Abandoned rats found in north Winnipeg being nursed back to health
A few days after 11 rats were rescued, Cindy Hildebrand with Popcorns and Binkies Rescue Haven said they are doing better and are happier. (Source: Cindy Hildebrand)
WINNIPEG -- An animal rescue shelter is praising city workers for helping rescue 11 abandoned rats.
Cindy Hildebrand is the director of Popcorns and Binkies Rescue Haven and she said on March 29, she received an email from city workers saying several rats had been found in a cage at a worksite on Murray Avenue near North Main Street and the Perimeter Highway.
"When I got out there (the workers) had basically left it exactly how they had found it. So I was able to see this piece of carpet over a cage and when I lifted the carpet back and I had climbed into the ditch, there were at the time looked like about six to eight rats in the cage, but it turned out there were 11 in total," said Hildebrand.
The cage 11 rats were found in at a work site in northern Winnipeg. (Source: Popcorns and Binkies Rescue Haven/ Facebook)
She said it was one of the worst situations she had ever seen. The rats were greasy and covered in dirt, urine, and feces.
Some of the rats that were rescued. (Source: Popcorns and Binkies Rescue Haven/ Facebook)
"Because of where it was found, like this was literally a dirt road, the middle of pretty much nowhere, they didn't want them to be found."
Hildebrand thinks that these rats were previously used for breeding for snake food as there were eight males and three females.
"That's our best speculation; we'll never know for sure what happened."
Since they have been rescued Hildebrand said, the rats are doing better and are in okay condition. They were all given baths and received medical checks. One of the rats has an ulcer, while others have some bumps and lumps, but are doing well.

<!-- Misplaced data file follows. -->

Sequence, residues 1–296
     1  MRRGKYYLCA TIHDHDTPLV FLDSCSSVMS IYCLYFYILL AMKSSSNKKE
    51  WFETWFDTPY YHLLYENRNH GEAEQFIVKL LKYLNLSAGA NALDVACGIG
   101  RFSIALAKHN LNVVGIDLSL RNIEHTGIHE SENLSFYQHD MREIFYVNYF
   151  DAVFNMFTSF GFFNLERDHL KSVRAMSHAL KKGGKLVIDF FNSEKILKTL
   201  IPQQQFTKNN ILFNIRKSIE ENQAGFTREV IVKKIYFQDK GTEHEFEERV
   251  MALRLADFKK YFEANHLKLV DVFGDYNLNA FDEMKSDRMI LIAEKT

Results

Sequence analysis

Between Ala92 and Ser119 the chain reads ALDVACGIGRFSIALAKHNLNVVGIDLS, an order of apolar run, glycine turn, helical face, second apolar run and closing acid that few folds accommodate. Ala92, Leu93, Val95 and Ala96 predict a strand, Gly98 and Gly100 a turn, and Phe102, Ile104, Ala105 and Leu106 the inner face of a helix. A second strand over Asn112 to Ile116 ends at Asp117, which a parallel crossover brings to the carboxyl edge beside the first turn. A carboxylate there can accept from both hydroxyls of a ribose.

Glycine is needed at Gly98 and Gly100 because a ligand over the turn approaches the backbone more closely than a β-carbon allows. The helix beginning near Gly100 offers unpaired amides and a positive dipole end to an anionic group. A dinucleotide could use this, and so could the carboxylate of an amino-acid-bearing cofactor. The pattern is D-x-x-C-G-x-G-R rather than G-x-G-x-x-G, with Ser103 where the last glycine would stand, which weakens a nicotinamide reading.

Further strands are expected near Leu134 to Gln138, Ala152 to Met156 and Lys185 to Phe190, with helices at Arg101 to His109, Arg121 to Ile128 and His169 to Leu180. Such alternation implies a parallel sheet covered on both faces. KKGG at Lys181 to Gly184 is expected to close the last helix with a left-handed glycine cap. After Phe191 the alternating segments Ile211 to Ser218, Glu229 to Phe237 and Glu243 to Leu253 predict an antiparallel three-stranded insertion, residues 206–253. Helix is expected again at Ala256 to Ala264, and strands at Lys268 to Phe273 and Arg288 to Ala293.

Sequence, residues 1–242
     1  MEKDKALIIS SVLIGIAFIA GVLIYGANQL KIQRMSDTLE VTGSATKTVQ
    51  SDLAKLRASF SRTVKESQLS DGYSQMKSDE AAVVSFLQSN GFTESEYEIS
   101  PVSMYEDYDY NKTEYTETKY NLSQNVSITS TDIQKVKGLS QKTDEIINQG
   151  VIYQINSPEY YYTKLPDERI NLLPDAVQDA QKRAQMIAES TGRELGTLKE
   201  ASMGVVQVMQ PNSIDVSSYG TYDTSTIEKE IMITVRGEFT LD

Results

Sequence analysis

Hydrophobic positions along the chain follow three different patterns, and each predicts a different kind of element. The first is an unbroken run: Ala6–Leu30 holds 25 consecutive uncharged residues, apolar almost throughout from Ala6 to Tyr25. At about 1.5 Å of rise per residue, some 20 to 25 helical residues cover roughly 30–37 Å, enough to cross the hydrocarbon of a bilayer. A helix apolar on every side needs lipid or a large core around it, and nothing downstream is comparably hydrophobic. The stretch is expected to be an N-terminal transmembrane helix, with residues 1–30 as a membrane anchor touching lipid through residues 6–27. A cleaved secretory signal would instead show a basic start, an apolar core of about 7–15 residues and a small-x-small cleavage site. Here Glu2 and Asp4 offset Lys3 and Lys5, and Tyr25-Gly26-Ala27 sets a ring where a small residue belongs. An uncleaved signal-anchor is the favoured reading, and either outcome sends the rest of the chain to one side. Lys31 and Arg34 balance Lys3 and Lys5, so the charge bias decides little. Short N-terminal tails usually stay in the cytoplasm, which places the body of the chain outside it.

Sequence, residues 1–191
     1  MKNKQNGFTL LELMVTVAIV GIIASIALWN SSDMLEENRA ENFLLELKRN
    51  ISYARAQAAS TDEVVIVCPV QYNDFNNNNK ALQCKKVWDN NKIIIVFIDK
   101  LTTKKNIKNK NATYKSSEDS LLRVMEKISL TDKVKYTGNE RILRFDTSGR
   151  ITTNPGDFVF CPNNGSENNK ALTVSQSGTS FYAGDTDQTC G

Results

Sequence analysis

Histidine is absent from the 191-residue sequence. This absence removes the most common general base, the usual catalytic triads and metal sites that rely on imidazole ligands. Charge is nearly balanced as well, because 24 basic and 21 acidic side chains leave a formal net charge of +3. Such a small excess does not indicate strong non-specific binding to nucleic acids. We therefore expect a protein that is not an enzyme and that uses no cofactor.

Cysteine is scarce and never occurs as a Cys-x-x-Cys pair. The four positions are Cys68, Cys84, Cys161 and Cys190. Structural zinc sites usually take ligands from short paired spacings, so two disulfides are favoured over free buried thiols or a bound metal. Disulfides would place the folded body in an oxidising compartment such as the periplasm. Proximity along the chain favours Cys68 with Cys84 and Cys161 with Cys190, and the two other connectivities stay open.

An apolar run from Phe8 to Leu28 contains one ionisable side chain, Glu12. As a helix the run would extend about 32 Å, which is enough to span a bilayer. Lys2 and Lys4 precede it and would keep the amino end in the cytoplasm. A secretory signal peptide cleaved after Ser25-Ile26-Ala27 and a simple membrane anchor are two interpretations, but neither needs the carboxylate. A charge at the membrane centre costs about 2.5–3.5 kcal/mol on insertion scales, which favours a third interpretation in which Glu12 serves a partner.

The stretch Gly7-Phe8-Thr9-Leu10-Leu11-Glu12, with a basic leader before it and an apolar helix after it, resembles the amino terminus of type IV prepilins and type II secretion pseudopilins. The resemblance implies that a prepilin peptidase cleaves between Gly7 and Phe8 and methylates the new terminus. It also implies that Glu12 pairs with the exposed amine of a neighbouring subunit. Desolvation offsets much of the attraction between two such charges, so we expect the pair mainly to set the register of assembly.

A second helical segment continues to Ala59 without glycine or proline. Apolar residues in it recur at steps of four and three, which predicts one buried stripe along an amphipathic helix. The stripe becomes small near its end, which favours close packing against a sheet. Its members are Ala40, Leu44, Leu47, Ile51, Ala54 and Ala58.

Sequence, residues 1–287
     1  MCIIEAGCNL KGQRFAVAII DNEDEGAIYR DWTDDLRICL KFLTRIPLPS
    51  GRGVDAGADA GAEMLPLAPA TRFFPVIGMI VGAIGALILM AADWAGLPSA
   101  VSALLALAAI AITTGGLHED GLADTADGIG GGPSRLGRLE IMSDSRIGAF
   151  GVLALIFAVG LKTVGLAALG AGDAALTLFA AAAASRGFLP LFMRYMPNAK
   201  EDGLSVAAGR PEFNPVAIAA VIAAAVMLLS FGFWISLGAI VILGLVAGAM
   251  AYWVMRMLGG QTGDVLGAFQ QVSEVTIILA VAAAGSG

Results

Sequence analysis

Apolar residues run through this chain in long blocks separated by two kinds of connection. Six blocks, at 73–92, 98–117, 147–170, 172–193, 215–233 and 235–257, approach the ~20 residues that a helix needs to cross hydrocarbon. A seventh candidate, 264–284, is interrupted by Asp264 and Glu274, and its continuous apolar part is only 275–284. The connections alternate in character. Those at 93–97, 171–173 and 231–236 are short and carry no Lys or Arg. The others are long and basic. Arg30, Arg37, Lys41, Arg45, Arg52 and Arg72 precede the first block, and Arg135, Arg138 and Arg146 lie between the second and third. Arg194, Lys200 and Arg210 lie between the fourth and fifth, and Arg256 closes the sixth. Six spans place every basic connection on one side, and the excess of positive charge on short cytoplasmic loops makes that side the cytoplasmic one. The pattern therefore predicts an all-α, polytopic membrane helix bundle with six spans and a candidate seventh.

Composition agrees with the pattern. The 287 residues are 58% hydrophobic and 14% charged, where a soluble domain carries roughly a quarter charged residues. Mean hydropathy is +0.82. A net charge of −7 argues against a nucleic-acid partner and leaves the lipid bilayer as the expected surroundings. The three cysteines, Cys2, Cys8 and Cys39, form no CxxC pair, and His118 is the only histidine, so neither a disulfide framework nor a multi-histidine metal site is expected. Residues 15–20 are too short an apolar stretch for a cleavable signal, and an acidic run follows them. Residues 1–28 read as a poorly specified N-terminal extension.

She even said one of them has given birth to babies but is unsure how many she had.
Hildebrand added the other two female rats are also expected to have babies.
All the rats are currently in foster care and she said this allows the rats to receive the proper care and nutrition.
The rescued rats after receiving a bath and some proper nutrition. (Source: Cindy Hildebrand)
None of the animals are up for adoptions just yet, as they will need to be in care for a few weeks before they can go to a new home. Hildebrand did say they have received a lot of interest in adoptions.
If people are interested in adopting any kind of small animal, Hildebrand says they should do their research first, as they can be a lot of work.
"A lot of people think small animals are easy to take care of because they are little, and they are actually not. They can be even a lot more responsibility than a dog or a cat."
She added that if people run into problems such as food or supplies, the rescue organization has supplies available for those who need them.
If they find they can't take of the animals anymore, she said people should contact her organization or other rescue shelters and that dumping the animals should not be an option for getting rid of them.